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Key features – Material: Rubber upper and sole; textile lining; Height: Ankle; Other colours available? Yes; Sizes available: UK 4-12
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3. You can be fined if you leave your engine running to defrost the windscreen
Polyurethane is used to make cheap synthetic rubber, a mainstay of budget wellies. It does a fine job of keeping the rain out and letting you stride through deep mud and puddles at festivals and while camping, but it’s not suitable for long-term use or hiking. Gore-Tex is a patented lining that’s 100% waterproof and completely breathable. It’s ingenious: the membrane stops water from getting through from the outside, but does allow water vapour (eg sweat) out the other way. As well as keeping your feet dry, this also ensures comfort by cutting down on clamminess and chafing. Fab stuff. Waterproofing . That’s what wellies are for, after all. All our recommended wellington boots are waterproof, although a couple do have fabric sections on their uppers and calf sections. So, while they’ll keep water off your feet, they’re not waders! For maximum waterproofness, go for a rubber upper and sole, and Gore-Tex lining.
Hunters are a classic for a reason. These tall, elegant wellingtons are comfortable and extremely durable – invest in one pair and they’ll last you a lifetime, which makes their steep price easy to swallow. In recent years they’ve become a bit of a fashion statement too, with myriad colours and pastel, matt and even glittery incarnations now on the market, making them as popular at festivals as they are on farms. The only caveat is that Hunters are very comfortable for narrow and regular feet: if you have wide feet you may want to look for a roomier model. Grip is almost as important as waterproofing if you’re intending to walk through mud. Dog walks in rainy conditions can be hazardous affairs if you don’t have boots with grippy rubber soles. The more nodes and bumps the soles have, the better they’ll be at gripping to a surface. That’ll make them more comfortable to walk in, too, because you don’t have to work so hard to stay upright! However, a narrower tread makes for easier walking on a hard surface. The very best wellies combine both types of tread.Neoprene is an insulating lining material for winter wellies. It’s soft, superbly waterproof, and very warm. A bit too warm for summer wellies, in fact. And it can get pricey. Fleece is a budget (and less waterproof) alternative to neoprene. For more information on fit as well as the different materials available, see the extended buyer’s guide below our roundup.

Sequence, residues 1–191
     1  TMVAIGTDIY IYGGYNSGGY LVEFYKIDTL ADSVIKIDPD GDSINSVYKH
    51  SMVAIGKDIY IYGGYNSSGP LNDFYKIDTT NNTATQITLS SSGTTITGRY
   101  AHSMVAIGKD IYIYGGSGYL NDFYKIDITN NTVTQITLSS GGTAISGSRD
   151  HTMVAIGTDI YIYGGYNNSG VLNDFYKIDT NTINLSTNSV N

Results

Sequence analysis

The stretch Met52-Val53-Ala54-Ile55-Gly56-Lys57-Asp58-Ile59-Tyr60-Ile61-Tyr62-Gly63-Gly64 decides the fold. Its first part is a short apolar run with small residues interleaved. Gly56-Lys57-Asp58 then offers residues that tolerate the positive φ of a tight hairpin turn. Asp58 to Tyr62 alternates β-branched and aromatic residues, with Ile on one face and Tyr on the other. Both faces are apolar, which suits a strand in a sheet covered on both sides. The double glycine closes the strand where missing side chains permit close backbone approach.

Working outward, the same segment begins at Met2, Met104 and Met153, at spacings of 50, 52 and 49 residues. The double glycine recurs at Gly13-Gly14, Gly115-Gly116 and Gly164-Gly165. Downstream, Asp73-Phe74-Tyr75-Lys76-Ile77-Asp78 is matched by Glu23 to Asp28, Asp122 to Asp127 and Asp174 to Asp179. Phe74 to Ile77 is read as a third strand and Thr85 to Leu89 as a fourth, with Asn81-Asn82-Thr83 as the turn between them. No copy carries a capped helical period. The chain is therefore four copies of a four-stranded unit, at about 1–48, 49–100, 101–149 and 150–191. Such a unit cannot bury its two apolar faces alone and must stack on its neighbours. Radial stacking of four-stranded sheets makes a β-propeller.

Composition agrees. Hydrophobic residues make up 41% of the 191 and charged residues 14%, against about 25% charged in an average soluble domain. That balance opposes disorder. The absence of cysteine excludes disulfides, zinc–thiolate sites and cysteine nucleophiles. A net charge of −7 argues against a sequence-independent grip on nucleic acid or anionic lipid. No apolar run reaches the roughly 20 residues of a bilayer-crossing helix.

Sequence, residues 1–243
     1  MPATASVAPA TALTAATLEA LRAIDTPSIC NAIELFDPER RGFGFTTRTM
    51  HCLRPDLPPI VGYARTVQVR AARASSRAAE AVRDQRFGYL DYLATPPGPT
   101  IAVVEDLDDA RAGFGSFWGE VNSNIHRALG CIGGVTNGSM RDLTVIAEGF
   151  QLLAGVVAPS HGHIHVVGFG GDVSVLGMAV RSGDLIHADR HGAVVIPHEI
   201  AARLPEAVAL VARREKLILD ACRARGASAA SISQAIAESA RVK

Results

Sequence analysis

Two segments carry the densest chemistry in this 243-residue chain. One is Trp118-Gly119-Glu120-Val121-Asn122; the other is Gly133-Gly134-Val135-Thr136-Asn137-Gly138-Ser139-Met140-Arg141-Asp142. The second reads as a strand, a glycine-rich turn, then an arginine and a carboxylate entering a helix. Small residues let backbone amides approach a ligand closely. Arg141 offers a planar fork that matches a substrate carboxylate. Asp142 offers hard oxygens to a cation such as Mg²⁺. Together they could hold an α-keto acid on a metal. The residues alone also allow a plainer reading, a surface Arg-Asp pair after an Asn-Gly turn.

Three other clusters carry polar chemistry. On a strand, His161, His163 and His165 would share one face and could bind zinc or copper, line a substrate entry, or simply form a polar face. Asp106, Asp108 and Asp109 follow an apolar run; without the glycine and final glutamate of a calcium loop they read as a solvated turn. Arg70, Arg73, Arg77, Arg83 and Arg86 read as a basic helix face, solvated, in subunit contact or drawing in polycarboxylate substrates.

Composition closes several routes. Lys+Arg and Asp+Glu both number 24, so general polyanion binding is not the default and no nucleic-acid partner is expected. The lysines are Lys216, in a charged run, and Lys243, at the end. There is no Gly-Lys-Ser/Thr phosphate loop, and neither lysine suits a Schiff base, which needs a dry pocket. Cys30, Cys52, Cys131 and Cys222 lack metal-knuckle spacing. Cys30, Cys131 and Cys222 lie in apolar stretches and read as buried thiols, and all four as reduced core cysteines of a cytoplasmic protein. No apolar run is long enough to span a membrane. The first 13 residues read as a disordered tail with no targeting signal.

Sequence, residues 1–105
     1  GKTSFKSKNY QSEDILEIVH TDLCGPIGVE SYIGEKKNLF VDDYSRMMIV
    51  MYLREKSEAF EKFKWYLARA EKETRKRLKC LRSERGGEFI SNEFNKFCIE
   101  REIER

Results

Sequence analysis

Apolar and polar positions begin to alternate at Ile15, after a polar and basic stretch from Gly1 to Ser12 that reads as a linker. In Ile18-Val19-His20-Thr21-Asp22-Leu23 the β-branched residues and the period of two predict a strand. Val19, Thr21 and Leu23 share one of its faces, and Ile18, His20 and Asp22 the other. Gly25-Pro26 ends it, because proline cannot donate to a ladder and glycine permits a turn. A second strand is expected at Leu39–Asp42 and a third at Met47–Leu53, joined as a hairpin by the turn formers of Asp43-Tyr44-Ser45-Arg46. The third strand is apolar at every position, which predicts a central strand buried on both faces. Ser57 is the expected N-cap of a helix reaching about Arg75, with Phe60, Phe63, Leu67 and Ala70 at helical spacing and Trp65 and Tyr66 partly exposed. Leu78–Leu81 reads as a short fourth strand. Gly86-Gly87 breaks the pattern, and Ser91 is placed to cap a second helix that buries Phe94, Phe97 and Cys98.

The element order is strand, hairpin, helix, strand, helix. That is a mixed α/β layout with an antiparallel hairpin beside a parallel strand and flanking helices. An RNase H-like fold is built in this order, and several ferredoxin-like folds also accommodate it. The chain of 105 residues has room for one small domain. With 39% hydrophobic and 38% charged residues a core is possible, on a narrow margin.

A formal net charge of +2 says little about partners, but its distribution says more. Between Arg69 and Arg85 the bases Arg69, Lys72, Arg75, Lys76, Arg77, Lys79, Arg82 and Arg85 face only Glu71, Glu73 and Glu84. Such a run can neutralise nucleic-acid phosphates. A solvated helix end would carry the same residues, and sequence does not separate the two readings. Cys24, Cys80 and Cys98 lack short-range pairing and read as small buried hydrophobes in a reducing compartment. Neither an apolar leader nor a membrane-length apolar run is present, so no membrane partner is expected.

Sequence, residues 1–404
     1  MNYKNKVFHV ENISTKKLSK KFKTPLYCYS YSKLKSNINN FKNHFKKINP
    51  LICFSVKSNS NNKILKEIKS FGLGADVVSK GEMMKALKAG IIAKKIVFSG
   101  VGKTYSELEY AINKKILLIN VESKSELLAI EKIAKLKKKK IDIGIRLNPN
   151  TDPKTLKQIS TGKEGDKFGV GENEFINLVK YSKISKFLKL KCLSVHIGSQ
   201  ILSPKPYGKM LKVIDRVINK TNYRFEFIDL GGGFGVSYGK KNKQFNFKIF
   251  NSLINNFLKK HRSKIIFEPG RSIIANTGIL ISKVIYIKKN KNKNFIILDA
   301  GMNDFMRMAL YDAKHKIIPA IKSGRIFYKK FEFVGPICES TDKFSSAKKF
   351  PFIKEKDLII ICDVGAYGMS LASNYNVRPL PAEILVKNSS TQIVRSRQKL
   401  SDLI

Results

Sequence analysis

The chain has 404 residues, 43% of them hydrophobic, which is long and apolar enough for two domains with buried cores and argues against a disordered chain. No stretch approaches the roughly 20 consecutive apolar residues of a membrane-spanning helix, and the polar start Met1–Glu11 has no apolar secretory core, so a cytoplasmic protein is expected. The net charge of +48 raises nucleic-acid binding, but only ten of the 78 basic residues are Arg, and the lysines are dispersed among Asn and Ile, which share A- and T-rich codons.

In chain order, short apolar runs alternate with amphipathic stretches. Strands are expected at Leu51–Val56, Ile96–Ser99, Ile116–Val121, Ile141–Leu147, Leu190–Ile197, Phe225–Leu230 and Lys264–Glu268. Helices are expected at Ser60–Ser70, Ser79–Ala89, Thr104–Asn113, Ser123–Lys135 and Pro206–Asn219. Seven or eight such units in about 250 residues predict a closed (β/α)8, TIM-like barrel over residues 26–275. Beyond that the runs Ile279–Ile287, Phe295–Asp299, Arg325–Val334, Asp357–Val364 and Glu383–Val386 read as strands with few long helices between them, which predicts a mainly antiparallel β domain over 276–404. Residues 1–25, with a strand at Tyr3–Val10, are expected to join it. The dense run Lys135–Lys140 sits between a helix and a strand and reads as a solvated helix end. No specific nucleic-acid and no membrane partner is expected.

Comfort and support are also important unless you want your wellies to end up gathering dust in the loft. Look for a supportive sole that doesn’t over-flex, while also being flexible enough to not feel too “stompy”. These extremely cute short wellies from UK outdoor clothing company Joules offer fabulous style and quality for a great price. Their mid-calf cut and generous width make them perfect for wider calves and, with plenty of room to move, they’re brilliant for gardening. The rubber soles give great grip without weighing you down, and the wonderful pattern choices are guaranteed to cheer up the stormiest day.
If you’re simply after a pair of wellies to keep your feet dry and mud-free, there’s really no need to spend hundred of pounds on a pair of designer boots. The best material for the outer layer, lining and sole of your wellies depends on what you’ll be using the boots for, how much use they’re going to get, and how much you want to spend. Here are some of the materials you’ll encounter while shopping.